Remember Me? I Knew You Back In The Day!

marks-george-man-pointing-to-himself-with-who-me-expression

Does this ever happen to you? A person walks up to you and starts talking as if you know him or her. You can’t remember the person. Or even worse, you vaguely remember, but don’t recall where you met or how you know the person—was it at church, your kid’s school, the gym, a party, a conference, a BNI meeting, a sales call?

Does it ever happen that you are that guy or woman who says, “Hey, nice to see you! It’s been a while!” And the other person responds with a blank stare.

I’ve been on both sides of these encounters. I’ve flipped through that virtual Rolodex in my mind on several occasions only to find that there’s no card with the person’s info. And I’ve shared precise details of events to jar the recollections of these folks who’ve erased me from their memory banks.

When these opportunities present themselves to reconnect with those people with whom you had a passing acquaintance back in the day, jump at them and take a moment to trade updates. In today’s business world, when everyone’s job is on the line, when people are changing jobs and careers at a rapid pace, when anyone in sales is looking for new prospects, when who knows you is just as important as who you know, these people who knew you then may be good people to connect with again… now.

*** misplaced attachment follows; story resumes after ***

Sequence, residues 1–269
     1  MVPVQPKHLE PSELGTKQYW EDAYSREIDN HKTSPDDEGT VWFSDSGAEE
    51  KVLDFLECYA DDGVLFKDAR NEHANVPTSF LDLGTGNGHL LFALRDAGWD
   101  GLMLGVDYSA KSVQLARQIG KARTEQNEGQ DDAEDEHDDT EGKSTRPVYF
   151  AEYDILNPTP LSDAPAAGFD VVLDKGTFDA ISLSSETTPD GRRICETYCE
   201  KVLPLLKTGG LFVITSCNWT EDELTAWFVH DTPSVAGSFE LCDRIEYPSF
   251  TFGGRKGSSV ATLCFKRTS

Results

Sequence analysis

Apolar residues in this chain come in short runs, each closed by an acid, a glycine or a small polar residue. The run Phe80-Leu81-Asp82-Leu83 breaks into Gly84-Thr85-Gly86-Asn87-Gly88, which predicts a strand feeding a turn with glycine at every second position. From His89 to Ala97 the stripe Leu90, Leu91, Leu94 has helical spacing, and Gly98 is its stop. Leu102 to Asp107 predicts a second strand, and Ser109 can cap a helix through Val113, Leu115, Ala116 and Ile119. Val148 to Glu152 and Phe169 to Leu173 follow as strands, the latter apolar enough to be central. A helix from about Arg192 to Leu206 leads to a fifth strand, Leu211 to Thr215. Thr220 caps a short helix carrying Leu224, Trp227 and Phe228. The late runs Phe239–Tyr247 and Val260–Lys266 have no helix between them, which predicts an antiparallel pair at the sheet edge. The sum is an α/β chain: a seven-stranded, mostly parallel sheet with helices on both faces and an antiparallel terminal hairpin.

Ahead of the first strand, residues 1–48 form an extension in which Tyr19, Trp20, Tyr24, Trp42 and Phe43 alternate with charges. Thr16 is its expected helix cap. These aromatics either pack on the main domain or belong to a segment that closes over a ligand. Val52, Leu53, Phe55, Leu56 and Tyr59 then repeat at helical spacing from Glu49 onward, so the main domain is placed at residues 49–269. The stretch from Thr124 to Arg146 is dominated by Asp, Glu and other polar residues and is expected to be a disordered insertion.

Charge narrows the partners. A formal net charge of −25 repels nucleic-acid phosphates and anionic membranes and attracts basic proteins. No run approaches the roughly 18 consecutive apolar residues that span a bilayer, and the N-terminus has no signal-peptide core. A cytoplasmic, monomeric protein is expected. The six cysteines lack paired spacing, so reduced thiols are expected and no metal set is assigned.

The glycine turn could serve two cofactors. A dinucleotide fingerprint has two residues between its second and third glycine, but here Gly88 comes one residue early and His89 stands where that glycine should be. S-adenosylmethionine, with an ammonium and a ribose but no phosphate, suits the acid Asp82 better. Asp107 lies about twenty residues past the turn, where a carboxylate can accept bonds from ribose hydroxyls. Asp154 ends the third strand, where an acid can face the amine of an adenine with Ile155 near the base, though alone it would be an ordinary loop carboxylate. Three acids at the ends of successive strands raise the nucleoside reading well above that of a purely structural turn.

Typical scenarios: That stay at home mom you knew from the neighborhood pool in 1995 now runs a business that could use the software you’re selling. That banker whose kid played soccer on your daughter’s team in 2000 has just opened a restaurant and needs your social media consulting skill. That salesman you met at a church retreat in 1998 now runs a computer repair shop and yours is running slow. That woman you met at that scouting seminar in 2002 has recently inherited money and wonders if the investment product your company offers is right for her.

Once you take a moment to catch up, you may want to connect via LinkedIn or Facebook. As time permits, you may want to set up a meeting and compare notes about what’s going on in your lives and your careers now. As I have said more than once, what you’re doing now is more important than what you used to do. But people from your past can play a useful role in your future.

(This article was originally posted in March 2013.)

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